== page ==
Monday, December 27, 2021

GAS Featured Poet: Michael Ceraolo


Michael Ceraolo is a 64-year-old retired firefighter/paramedic and active poet who has had two full-length books (Euclid Creek, from Deep Cleveland Press; 500 Cleveland Haiku, from Writing Knights Press) and has two more full-length books, Euclid Creek Book Two, and Lawyers, Guns, and Money, in the publication pipeline.

Letter to an Insurance Broker

Man walks up to Postal Clerk to mail a certified letter a few days before Christmas.

Postal Clerk:  Do you need stamps, or anything else?

Man:  Not today, thanks.

Postal Clerk:  Is anything in here liquid, perishable, hazardous, etc.?

Man:  The letter could be harmful to someone's ego.

Postal Clerk:  Thanks.  I needed a good laugh at this time of year.

                                  THE END

The History Game Show (Episode 3)

And tonight's show is

                                   FEAR FACTOR

                                                             with host Russell Alger
                                                             and co-host Charles Eagan

Tonight's challenge:

                                 Will the soldiers in Cuba
                                 eat the beef procured for them
                                 from American companies?
                                (disparagingly referred to as "embalmed beef")

(Stock footage of soldiers eating.)

Thousands of soldiers have accepted the challenge, and their prize for doing so:  far more will die from food poisoning and disease exacerbated by food poisoning, than will die in combat.

                                       THE END

Tuesday, December 21, 2021

GAS Featured Poet: James Cochran

"I am a proudly Appalachian writer, transplanted from the soil of Southeastern Ohio to the hilly streets of Charleston, West Virginia. I embrace the practice of mindfulness through writing and enjoy listening to the neighbor’s wind chimes. I believe in the power of writing to access and understand our shared experience in a way that can heal and empower all of us."


Awaken to wind chimes and crow song

to follow highway of dazed February


sunshine, cut-banks piled with shattered

ice formations like ruined chandeliers.


The stubborn COVID winter asked us all,

“How much more can you take?”


We answered with chemo and blood

tests, then small vanilla milkshakes


and filthy piles of snow in the grocery

store parking lot where sparkling streams


of meltwater run the gutter

and disappear into storm drains.


How can anguish and nothingness

and hope live together in the small

space of the heart?


It was a thing that had to be done…

it was the thing that could be done.





by day I do my work as interpreter (interprete)

remotely, at home, by telephone (teléfono).

I parrot the words of otros, feeling them

flow through me like electricidad through

conduit (conducto). For the minutes or hours

the calls last I am merged in séance with

disembodied voces, we live our lives

together, though their problemas are

not mine, I’m only paid by the minuto.




press 2 for Spanish (oprima dos para español):

911 calls, parent teacher conferences, workers comp,

ancient medicare enrollees, WIC, car insurance,

home foreclosures, tech support, but most of all,

the immigrants waiting in detention centers…




Do you have any heart problems?

No, I have two bullets in my head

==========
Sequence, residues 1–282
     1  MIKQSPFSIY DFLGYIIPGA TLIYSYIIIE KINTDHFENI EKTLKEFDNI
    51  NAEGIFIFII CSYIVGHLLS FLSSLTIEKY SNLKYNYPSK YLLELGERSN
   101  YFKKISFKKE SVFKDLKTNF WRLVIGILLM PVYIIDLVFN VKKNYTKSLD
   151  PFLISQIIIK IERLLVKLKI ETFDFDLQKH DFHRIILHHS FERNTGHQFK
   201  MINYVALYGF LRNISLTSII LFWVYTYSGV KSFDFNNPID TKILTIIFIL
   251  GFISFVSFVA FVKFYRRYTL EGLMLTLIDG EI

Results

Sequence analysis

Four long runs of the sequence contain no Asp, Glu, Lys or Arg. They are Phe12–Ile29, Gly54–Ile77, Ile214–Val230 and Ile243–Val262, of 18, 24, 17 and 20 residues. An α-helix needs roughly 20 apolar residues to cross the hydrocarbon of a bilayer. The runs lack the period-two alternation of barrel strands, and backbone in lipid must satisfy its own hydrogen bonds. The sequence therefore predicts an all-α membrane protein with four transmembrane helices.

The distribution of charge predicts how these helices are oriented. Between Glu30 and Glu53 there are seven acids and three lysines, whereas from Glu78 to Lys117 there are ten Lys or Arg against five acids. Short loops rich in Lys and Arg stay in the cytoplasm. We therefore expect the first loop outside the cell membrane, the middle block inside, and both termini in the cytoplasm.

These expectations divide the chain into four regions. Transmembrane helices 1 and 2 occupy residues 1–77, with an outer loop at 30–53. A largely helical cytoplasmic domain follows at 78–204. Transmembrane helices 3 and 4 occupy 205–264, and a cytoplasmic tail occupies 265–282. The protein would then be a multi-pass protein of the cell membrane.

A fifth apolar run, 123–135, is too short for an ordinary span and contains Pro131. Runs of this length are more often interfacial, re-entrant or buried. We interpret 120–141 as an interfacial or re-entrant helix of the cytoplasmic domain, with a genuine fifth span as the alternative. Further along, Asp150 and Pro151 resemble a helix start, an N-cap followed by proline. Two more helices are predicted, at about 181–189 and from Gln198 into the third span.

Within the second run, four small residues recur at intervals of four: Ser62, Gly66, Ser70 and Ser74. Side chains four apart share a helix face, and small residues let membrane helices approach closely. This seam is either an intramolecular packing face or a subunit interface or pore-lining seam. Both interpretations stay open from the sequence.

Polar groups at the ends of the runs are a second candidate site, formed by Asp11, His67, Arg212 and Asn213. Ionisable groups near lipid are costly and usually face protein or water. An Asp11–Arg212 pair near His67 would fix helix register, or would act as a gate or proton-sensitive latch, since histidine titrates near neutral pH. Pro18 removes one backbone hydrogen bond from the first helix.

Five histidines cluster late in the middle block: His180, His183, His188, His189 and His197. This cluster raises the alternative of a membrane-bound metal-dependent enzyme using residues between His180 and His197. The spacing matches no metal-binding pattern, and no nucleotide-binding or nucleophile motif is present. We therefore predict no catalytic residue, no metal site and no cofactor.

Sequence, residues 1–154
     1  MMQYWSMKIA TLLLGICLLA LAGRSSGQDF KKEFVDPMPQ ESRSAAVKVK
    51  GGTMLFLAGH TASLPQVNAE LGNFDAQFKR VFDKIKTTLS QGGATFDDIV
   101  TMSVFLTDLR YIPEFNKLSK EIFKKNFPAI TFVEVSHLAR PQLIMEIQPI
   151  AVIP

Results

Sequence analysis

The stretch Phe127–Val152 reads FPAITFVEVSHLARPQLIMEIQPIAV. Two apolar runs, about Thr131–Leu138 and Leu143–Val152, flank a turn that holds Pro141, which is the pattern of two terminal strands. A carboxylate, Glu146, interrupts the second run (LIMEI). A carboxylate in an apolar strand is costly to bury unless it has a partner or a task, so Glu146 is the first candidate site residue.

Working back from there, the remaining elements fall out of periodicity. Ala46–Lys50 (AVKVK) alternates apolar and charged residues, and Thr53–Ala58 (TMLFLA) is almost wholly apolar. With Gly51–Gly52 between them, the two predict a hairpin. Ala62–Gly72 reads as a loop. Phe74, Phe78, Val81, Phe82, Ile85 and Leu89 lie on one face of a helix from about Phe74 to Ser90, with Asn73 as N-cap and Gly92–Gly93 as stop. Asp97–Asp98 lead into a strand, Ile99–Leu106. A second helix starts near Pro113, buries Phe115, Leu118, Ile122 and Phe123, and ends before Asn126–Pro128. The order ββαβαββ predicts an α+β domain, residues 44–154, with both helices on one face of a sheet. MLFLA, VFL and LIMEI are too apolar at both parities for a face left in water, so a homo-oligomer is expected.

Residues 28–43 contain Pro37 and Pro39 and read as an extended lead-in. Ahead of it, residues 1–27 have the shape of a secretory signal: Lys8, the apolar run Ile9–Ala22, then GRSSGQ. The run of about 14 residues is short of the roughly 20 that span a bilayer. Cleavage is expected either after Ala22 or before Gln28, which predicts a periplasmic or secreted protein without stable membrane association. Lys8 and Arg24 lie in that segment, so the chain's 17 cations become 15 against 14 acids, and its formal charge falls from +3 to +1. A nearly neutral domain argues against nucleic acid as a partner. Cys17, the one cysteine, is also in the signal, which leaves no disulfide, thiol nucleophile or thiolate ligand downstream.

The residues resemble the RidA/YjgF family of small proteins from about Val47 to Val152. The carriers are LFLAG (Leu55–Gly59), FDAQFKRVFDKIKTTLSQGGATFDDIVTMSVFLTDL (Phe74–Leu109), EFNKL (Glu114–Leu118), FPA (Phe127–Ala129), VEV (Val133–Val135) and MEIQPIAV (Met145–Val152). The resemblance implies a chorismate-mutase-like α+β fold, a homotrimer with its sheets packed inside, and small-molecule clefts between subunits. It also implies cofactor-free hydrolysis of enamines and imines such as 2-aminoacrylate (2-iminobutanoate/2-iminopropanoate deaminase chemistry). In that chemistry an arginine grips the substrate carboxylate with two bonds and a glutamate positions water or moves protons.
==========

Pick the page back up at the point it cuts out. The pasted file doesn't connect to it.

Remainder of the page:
from an attempt on my life.

They were unable to remove them

in the other center where I was.

That doesn’t have anything to do with your heart.

Do you have heart problems or high blood pressure?

No heart problems, just these two bullets in my head.




There were a lot of cockroaches in the cell where I was.

At first I would kill them, but after awhile I started to talk to them.

I told them that they could crawl on my body, as long as they didn’t

go in my mouth or ears… I needed the company.




At home everyone in the family has their own bed, even my wife, because I like my space.

I have a big bed, and when I’m asleep the kids will sneak in and get in bed with me.

Now I’m in here on this narrow uncomfortable bunk and all I can think about is

how I wish I could have my kids in bed with me. I miss them so bad it hurts.





Sometimes, I’m just sitting there, and I feel like I have powers…superpowers,

like one of those Power Rangers, like I can just point my hand at the wall

and make a hole in it. But then I reach out my cane and touch the wall

and there’s no hole there. I don’t tell anybody about this because I know

they would just tell me I’m crazy.




The workday ends with a dial tone, no more voices in my head.

Bullets, cockroaches, lonely bunks, and superpowers evaporate,

and I head out to the YMCA to exercise and exorcise my pain

and the pain of others, still not knowing what number to press

for freedom, safety, healing, or a second chance.

Thursday, December 16, 2021

GAS Featured Poet: Victor Clevenger

 Victor Clevenger spends his days in a Madhouse and his nights writing.  He is the author of several collections of poetry including Scratching to Get By (Between Shadows Press, 2021).  Together with American poet John Dorsey, they run River Dog. He can be reached at:

3 Haiku

over morning coffee
discussing who heard
a mouse’s footsteps

stress relief
a child finger painting
the sun

the paths that lead us to
the madhouse

Contemporary Tanka

young girl at dinner belle
crawling through milkman's dreams
dainty spider legs
trudging across greasy floors
her crisp smile & our bacon 


Contemporary Tanka

morning begins
writing words that’ll disappear…
my lost notebook
like distant thunder taunting
small children with sidewalk chalk

Wednesday, December 15, 2021

GAS Featured Poet: John Dorsey

photo by John Walz

John Dorsey is the author of several collections of poetry, including Which Way to the River: Selected Poems 2016-2020 (OAC Books, 2020), and Afterlife Karaoke (Crisis Chronicles, 2021). He may be reached at

Punk Rock is Cool for the End of the World
for Ed Smith

you can’t hear screaming
over the sound of the radio
on a wooded highway
where a cat curls up
with the noise of youth
forgetting there was ever a time
& place for anger
before just diving into a mosh pit
of rivers & more rivers.

In the Morning, for Dan Wright & Carl Sandburg